Some thoughts on using distance education- and e-learning for informal teaching situations

I will start here an ongoing collection of thoughts on how distance education tools might be applied to initiate and enhance learning in countless situations of our daily and community life. If every member of a local community would just take a short look beyond the rim of her/his teacup, it should become obvious that there is numerous ways to make a meaningful contribution to community life. One way to do so is to teach others knowledge and skills that might help them to make a difference in their personal situations; another option is to help one’s learners to gain confidence through joyful learning experiences, that way improving their life quality.

Evidently, those who need help the most often have no or only very limited access to education. Various reasons can play a role here, and it goes of course by far beyond my knowledge and the scope of this blog to analyze them all.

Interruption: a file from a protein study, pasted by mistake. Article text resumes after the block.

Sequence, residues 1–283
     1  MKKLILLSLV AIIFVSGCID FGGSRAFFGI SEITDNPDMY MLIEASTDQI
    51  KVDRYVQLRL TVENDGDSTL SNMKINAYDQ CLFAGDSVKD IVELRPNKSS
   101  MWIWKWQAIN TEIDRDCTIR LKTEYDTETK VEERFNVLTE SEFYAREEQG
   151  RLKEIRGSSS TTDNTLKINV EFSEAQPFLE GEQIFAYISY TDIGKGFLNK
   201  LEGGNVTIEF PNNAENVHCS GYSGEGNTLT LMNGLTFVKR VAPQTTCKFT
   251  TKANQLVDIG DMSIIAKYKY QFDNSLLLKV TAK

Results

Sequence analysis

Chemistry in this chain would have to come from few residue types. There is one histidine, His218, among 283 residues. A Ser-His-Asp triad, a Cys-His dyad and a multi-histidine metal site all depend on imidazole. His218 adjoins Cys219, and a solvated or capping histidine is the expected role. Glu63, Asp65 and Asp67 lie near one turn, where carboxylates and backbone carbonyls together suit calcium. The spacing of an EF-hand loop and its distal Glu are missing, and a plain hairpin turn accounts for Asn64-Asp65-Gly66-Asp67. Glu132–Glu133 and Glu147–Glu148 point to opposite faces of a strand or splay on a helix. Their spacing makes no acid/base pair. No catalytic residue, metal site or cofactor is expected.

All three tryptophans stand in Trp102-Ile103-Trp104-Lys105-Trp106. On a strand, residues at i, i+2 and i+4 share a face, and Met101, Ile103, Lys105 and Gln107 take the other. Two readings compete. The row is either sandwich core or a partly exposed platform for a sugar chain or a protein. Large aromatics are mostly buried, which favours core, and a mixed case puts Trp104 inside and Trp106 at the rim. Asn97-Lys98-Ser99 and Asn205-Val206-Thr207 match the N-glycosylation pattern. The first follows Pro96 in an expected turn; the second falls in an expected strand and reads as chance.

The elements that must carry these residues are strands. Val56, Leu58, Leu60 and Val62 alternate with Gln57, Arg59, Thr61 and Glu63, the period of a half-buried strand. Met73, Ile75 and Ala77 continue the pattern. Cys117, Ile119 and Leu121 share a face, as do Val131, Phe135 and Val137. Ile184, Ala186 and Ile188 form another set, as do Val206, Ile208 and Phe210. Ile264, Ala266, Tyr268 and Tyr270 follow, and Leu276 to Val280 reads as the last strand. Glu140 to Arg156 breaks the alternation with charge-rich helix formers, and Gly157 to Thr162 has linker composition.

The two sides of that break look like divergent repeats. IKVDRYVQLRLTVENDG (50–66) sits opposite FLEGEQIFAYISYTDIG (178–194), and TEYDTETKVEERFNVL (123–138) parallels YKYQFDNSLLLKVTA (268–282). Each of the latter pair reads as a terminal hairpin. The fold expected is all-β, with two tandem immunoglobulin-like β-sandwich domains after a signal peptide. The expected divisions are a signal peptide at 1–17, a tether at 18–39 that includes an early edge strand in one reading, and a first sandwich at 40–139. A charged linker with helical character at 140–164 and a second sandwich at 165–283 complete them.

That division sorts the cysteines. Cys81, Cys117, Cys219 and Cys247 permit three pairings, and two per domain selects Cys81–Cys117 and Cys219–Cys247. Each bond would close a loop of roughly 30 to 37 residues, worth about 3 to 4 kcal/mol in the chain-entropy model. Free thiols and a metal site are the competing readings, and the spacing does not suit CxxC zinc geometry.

Some very complex aspects to consider would be how profoundly individuals in disadvantaged, impoverished and underserved communities are shaped by their financial situation as much as by their socio-cultural background. Many do not even consider the possibility that education might be a way to improve their live situation, since it seems an unreachable goal. The high costs for good education at many institutions convey a sense of hopelessness and being excluded, thus adding significantly to the already existing psychological barriers to learning in their heads.
I am an enthusiastic follower of the Open Educational Resources (OER) movement, but I also see that we cannot diminish the enormous social inequalities in our society (or worldwide) by simply making course material openly available and then leave it with that, as Tony Bates wrote in his blog critique on the current status of available OERs (Bates, 2011, para. The Ugly). Course design and learner support are crucial, and effective learning is more than just „shovelling coal into a truck“. (Bates, 2011, para. What do we mean by ‘content’?).